• Documentation must be current. The determination of what is current documentation depends on the nature of the disability. However, in most cases documentation should be within the last three years. Disability Services reserves the right to make appropriate modifications to this time frame.
  • The name, title, and professional credentials of the evaluator that include information about license or certification, as well as, area of specialization, employment, and state in which the individual practices. Professionals conducting the evaluation/assessment must be qualified to do so, and it is essential that they have experience working with adolescent/adult populations. Documentation must be provided by a provider who is NOT a family member.
  • Reports must be on letterhead, typed, dated, and have the original signature of the evaluator. Reports must be written in English or translated into English by a qualified translator.
  • Reports need to include the names of any standardized tests administered, the scores derived from these tests and a discussion of the data that clearly indicates the presence of a disability. Disability Services reserves the right to determine which tests are acceptable for diagnosing the disability. Standardized tests must be based on adult norms.
  • The report must clearly state the specific diagnosis of the disability. Terms such as “suggest” or “is indicative of” are not acceptable.
  • The evaluator must describe the impact of the diagnosed disability on a specific major life function/activity (especially as it relates to academic performance).
  • The diagnostic report should include specific recommendations for reasonable academic accommodations and a detailed explanation of the rationale for each recommended accommodation as related to the specific functional limitations.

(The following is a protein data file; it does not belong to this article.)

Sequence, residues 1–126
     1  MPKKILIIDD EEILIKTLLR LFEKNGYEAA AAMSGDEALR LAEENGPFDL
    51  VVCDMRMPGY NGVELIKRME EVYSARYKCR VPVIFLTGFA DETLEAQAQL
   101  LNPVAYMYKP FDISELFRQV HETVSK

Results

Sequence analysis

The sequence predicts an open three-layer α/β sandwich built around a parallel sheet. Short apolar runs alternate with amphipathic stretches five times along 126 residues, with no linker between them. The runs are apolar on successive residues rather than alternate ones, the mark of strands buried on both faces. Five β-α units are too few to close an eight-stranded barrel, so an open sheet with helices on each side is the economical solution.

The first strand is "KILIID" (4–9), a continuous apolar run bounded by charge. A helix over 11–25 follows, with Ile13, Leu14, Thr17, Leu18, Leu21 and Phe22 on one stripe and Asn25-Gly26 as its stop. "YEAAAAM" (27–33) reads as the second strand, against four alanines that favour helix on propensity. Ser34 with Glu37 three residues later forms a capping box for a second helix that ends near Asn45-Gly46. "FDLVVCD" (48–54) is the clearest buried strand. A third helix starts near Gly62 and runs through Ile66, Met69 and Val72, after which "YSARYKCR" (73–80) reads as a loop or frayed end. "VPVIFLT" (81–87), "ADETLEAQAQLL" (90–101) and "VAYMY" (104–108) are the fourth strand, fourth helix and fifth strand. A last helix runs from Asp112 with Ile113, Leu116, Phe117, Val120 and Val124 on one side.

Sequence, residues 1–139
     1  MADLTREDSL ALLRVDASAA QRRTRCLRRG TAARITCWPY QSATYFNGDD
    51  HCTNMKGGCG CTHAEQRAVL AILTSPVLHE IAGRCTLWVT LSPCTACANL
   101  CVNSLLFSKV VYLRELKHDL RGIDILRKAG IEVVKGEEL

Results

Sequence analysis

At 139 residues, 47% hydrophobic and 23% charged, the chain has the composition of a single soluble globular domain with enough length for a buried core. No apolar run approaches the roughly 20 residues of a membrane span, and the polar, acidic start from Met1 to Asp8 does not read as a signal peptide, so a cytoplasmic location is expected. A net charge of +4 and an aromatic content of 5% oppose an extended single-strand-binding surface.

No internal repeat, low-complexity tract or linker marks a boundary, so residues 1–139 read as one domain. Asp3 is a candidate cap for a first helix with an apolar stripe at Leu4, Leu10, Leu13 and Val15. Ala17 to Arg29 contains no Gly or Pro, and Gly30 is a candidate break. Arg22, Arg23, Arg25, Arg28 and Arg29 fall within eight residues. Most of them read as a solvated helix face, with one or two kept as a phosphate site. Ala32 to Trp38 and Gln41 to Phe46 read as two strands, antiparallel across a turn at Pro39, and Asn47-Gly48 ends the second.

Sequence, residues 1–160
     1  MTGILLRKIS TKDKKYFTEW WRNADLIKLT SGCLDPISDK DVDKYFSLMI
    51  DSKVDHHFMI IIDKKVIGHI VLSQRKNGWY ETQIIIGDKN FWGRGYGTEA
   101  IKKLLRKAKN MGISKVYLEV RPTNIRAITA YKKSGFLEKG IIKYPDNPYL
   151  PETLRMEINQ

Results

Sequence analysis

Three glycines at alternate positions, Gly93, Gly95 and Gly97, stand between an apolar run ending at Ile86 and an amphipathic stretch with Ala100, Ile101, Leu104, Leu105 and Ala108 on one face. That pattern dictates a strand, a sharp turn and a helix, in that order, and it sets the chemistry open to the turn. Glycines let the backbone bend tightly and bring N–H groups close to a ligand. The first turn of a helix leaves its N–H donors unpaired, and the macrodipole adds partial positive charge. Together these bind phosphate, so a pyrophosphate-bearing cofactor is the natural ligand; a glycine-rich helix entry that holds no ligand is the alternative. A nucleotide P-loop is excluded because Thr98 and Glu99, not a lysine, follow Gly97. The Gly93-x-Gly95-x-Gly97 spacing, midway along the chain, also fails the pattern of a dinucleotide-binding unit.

• If medications are taken, these should be listed as well as their potential side effects.
  • If symptoms involve cognitive recall (memory), appropriate testing needs to be conducted. Testing for specific learning disabilities may be appropriate.
  • A doctor’s prescription pad note or a school plan such as an Individualized Educational Plan (IEP) or 504 Plan is not sufficient documentation in and of itself but can be included as part of a more comprehensive evaluative report.

It must be understood that evaluation reports themselves do not automatically qualify a student for registration with Disability Services. All of the items listed above must clearly show the presence of a disabling condition and clearly justify the need for reasonable accommodations. Disability Services will make the final decision as to whether reasonable and appropriate accommodations are needed and can be provided to the student.


Deaf and Hard-of-Hearing

Report from an audiologist or otolaryngologist that includes the following:

  • Results of an audiogram showing the degree of hearing loss
  • The type of hearing loss (conductive or sensorineural)
  • Whether the hearing loss is temporary or permanent, and if it is stable or progressive
  • Whether the condition is mitigated by hearing aids or medication
  • A description of the functional limitation(s) caused by the disability
  • Recommendations for reasonable academic accommodations

Physical Disability and/or Health-Related Impairment

Letter or report from a physician in an appropriate medical specialization that includes the following:

  • The specific medical condition which causes the disability
  • Whether the condition is temporary or permanent, and if it is stable or progressive
  • Information about current prescribed medications used to treat the disability and possible side effects
  • A description of the functional limitation(s) caused by the disability
  • Recommendations for reasonable academic accommodations

Speech Impairment

Report or letter from a speech pathologist or physician that includes the following:

  • The specific disabling condition